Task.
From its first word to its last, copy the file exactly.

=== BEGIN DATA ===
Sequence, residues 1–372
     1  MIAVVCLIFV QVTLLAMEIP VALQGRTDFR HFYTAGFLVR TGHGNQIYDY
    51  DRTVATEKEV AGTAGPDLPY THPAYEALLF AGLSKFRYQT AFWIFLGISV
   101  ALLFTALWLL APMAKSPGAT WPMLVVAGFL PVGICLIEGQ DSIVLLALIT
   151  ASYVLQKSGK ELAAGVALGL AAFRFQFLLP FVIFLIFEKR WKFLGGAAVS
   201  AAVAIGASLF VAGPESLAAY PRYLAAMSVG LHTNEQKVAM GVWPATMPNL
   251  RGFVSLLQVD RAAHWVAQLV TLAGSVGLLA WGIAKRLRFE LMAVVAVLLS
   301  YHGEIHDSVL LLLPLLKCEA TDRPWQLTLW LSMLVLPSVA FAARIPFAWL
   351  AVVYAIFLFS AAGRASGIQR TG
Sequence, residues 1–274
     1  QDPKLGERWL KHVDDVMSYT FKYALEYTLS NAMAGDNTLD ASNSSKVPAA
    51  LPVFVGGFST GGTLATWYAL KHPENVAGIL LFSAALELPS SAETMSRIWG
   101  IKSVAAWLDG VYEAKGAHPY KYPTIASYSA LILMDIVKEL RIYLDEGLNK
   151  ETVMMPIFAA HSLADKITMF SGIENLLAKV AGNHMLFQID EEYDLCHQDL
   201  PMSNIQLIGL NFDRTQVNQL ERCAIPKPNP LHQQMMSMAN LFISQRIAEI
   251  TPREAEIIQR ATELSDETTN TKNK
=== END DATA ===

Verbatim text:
Sequence, residues 1–372
     1  MIAVVCLIFV QVTLLAMEIP VALQGRTDFR HFYTAGFLVR TGHGNQIYDY
    51  DRTVATEKEV AGTAGPDLPY THPAYEALLF AGLSKFRYQT AFWIFLGISV
   101  ALLFTALWLL APMAKSPGAT WPMLVVAGFL PVGICLIEGQ DSIVLLALIT
   151  ASYVLQKSGK ELAAGVALGL AAFRFQFLLP FVIFLIFEKR WKFLGGAAVS
   201  AAVAIGASLF VAGPESLAAY PRYLAAMSVG LHTNEQKVAM GVWPATMPNL
   251  RGFVSLLQVD RAAHWVAQLV TLAGSVGLLA WGIAKRLRFE LMAVVAVLLS
   301  YHGEIHDSVL LLLPLLKCEA TDRPWQLTLW LSMLVLPSVA FAARIPFAWL
   351  AVVYAIFLFS AAGRASGIQR TG
Sequence, residues 1–274
     1  QDPKLGERWL KHVDDVMSYT FKYALEYTLS NAMAGDNTLD ASNSSKVPAA
    51  LPVFVGGFST GGTLATWYAL KHPENVAGIL LFSAALELPS SAETMSRIWG
   101  IKSVAAWLDG VYEAKGAHPY KYPTIASYSA LILMDIVKEL RIYLDEGLNK
   151  ETVMMPIFAA HSLADKITMF SGIENLLAKV AGNHMLFQID EEYDLCHQDL
   201  PMSNIQLIGL NFDRTQVNQL ERCAIPKPNP LHQQMMSMAN LFISQRIAEI
   251  TPREAEIIQR ATELSDETTN TKNK